The first thing it taught was to leave out the preciousness and quit worrying whether every word was perfect when you are writing a first draft.  The preciousness is trying to write in a learned way to show how smart you are and how many big words you know.  It has nothing to do with actually getting to the truth of the sentence (more on his later).  The second part of that is to just let it flow, especially in the first draft. For me the first draft is the time to get ideas and the skeleton of the work on paper. Just let it fly.  More often than not, the ideas you are trying to express are the correct ones.  When you go back for the editing and rewriting, that is where you make it sing.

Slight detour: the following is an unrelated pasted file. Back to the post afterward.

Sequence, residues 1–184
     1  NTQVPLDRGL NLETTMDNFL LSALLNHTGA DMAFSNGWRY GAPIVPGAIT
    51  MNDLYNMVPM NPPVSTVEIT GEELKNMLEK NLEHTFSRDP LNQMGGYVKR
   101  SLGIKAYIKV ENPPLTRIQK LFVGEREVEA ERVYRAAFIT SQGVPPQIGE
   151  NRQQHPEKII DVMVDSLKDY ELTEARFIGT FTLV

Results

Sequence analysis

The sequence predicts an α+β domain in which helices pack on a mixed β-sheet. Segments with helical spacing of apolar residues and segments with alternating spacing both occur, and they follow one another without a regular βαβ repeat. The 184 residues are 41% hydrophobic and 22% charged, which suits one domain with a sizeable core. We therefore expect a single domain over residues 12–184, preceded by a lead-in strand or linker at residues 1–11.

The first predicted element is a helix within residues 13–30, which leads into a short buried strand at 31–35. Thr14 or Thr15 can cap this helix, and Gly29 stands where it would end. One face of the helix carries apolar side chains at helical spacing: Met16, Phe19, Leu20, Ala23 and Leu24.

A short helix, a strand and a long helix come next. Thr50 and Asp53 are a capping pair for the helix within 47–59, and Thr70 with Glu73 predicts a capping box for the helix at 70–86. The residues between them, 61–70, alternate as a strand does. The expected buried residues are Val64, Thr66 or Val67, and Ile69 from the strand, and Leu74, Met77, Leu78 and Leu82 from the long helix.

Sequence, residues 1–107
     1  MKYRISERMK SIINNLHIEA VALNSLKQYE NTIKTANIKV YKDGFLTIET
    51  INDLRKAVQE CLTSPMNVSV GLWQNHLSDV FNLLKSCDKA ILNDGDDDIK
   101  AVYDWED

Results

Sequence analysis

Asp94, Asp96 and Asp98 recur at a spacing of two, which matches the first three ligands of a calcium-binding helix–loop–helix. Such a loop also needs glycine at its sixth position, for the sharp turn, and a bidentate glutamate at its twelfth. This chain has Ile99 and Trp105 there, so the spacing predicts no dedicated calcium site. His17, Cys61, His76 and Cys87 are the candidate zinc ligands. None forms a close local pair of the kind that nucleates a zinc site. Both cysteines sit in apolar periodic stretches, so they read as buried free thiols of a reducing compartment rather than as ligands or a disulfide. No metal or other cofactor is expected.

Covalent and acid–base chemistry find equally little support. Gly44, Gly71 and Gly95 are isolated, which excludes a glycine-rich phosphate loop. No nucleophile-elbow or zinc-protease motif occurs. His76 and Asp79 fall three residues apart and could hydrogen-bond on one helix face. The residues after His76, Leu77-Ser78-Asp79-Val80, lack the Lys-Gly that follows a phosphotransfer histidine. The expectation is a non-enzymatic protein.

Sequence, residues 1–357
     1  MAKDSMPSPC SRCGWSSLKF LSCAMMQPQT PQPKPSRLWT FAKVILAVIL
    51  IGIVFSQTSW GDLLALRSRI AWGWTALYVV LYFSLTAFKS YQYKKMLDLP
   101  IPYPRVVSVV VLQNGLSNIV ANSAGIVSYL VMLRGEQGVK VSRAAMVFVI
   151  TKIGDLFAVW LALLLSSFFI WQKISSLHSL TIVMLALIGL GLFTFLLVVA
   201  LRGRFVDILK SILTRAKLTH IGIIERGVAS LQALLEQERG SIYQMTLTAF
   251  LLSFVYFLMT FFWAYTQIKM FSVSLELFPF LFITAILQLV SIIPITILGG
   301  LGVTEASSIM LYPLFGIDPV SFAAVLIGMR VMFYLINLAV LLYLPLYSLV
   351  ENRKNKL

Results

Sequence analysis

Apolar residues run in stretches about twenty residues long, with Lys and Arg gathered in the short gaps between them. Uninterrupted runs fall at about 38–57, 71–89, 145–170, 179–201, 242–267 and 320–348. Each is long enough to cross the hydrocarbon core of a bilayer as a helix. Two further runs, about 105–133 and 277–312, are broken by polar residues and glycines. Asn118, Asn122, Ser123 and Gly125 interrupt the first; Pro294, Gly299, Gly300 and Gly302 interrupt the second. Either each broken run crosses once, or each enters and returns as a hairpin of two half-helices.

The second thing the camp, along with the things I’ve been reading about art and writing, taught me is the only thing that matters in art and fiction is telling the truth.  This idea was something that began forming in my mind when I started trying to blog more consistently and more often.

There were two things that started me down the idea that truth is the most important thing in art. (I might not mean truth the way you think I do.  More on that later.) The first is a quote from Ernest Hemingway that I can’t find right off, but if memory serves he said something like, whenever he got stuck in something he was writing he would try to write the truest sentence possible.  The other thing is from Andrew Sullivan who wrote about a blogger’s job is to be truthful about everything including himself.